Argument Over Meatballs Leads to Hot Courtroom Beef

Which was unexpected, since it's a trial regarding alleged government corruption
By Michael Harthorne,  Newser Staff
Posted Jan 28, 2018 3:25 PM CST
Argument Over Meatballs Leads to Hot Courtroom Beef
In a Tuesday, Nov. 28, 2017 file photo, Allentown Mayor Ed Pawlowski, who is facing corruption charges, walks to the federal courthouse in Philadelphia during a break in a pretrial hearing.   (AP Photo/Matt Rourke, File)

(Newser) – Jurors got a taste of some hot courtroom beef Thursday in Pennsylvania as a lawyer for a mayor charged with bribery, fraud, and conspiracy argued over the definition of "meatballs" with a former finance director, the New York Times reports. Allentown Mayor Ed Pawloski is on trial for allegedly accepting over $150,000 in campaign donations in exchange for city contracts. His lawyer, Jack McMahon, is trying to show that the scheme was actually carried out by underlings like former Allentown finance director Garret Strathearn and political consultant Mike Fleck. And that's where the meatballs come in. In wiretap recordings made of phone calls between Fleck and Strathearn, phrases like "how I want my meatballs cooked" and "needs to go make some meatballs" are heard frequently, WFMZ reports.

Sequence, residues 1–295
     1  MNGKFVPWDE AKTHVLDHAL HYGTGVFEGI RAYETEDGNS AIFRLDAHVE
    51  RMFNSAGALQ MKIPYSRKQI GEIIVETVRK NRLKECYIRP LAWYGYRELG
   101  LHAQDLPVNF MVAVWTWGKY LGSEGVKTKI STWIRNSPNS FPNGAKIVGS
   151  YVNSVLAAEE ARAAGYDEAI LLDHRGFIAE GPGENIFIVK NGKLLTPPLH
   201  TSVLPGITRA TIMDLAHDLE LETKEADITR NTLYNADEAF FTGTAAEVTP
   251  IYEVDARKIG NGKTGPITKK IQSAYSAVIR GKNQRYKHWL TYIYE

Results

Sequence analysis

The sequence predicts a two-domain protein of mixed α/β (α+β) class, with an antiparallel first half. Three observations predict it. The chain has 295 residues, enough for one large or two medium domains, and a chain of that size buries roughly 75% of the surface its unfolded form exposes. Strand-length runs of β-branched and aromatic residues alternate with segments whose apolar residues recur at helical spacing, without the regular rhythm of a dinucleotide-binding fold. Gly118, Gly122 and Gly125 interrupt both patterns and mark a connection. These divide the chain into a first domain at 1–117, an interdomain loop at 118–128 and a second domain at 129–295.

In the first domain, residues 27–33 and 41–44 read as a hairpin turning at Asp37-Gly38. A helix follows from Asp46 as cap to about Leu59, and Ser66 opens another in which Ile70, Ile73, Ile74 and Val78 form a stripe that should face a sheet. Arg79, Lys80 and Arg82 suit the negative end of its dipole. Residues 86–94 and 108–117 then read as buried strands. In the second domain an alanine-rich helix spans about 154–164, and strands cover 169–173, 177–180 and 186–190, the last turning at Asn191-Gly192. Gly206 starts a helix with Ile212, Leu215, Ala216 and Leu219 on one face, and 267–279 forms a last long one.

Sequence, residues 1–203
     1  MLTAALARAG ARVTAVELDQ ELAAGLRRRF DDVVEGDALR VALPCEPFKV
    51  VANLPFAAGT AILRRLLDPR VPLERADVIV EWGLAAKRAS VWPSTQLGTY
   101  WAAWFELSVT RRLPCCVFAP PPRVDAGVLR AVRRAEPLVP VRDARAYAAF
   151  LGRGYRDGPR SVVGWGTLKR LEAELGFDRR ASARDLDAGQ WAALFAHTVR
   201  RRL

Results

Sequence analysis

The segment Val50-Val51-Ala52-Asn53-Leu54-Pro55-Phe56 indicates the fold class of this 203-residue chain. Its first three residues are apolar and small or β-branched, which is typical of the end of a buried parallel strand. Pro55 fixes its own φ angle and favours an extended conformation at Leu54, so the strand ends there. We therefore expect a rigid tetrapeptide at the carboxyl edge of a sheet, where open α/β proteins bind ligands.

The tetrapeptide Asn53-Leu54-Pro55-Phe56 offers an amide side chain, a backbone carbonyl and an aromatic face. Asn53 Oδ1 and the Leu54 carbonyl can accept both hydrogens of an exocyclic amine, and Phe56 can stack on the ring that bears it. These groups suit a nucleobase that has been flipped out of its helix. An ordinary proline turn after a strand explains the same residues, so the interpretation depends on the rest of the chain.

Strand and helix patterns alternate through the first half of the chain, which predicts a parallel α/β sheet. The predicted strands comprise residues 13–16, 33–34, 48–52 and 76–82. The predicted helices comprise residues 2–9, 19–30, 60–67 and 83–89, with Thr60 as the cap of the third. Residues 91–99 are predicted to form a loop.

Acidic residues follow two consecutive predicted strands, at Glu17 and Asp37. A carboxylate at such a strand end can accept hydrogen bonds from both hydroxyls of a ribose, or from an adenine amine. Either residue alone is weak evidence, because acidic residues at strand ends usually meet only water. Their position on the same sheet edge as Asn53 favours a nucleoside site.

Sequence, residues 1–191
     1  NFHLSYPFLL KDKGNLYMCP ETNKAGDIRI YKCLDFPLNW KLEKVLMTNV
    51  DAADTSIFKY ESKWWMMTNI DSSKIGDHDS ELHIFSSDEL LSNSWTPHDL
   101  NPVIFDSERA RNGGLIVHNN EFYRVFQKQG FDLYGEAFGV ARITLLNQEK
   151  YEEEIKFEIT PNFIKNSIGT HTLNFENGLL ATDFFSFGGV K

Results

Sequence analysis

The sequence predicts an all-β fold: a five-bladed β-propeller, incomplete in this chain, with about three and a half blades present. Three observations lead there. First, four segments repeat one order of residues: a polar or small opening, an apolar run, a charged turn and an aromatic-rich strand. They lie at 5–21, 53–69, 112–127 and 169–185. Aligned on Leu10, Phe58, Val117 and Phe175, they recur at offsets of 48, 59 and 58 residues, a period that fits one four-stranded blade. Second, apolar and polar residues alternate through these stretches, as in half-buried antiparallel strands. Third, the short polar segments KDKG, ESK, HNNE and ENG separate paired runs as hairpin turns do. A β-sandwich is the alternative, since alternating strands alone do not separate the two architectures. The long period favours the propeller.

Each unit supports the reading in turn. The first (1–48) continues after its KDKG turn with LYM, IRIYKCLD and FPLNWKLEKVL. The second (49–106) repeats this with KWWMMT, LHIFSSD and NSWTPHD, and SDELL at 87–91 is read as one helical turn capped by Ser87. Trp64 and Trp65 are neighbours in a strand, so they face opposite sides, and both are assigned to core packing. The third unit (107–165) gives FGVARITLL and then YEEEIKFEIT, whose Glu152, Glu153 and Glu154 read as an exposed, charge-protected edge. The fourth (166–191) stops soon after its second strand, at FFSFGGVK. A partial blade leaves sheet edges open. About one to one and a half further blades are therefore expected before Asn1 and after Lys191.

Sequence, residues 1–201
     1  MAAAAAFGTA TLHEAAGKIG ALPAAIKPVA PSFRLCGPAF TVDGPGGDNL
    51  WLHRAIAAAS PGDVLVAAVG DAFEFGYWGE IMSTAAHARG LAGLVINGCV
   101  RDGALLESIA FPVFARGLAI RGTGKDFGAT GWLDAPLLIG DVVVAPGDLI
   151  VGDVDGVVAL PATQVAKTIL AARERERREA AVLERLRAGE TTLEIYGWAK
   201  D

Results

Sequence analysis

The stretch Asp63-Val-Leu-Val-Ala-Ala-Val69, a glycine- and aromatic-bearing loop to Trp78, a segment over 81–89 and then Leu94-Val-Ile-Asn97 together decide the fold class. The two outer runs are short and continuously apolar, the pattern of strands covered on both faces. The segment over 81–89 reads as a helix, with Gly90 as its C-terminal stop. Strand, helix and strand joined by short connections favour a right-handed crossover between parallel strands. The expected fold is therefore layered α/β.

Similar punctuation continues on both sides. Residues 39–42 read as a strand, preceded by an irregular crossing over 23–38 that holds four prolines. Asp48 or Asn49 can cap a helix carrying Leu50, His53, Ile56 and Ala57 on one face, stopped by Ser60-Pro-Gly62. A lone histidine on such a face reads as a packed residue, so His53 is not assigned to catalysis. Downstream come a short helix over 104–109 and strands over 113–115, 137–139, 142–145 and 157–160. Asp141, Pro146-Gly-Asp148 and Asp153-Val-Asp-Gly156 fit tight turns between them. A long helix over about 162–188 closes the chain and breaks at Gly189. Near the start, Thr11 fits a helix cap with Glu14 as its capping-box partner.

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McMahon said it's clear "meatballs" refers to bribes. But Strathearn and federal prosecutor Michelle Morgan said that's not the case. Under questioning from Morgan, Strathearn said he was single at the time and carried Tupperware in his car to take home hot meals from friends, the Morning Call reports. He said he had some of Fleck's meatballs at a Christmas party, and Fleck's wife offered to make more of them. In fact, Strathearn said, he was disappointed he only got four meatballs from Fleck's wife when he went to pick them up. Things got testy when McMahon said everyone knows "it's a payoff." "The meatballs were the meatballs were the meatballs," Strathearn responded. "And don't laugh, because that tells me that you don't believe me." The judge instructed jurors to ignore the meatball argument. (Read more Pennsylvania stories.)

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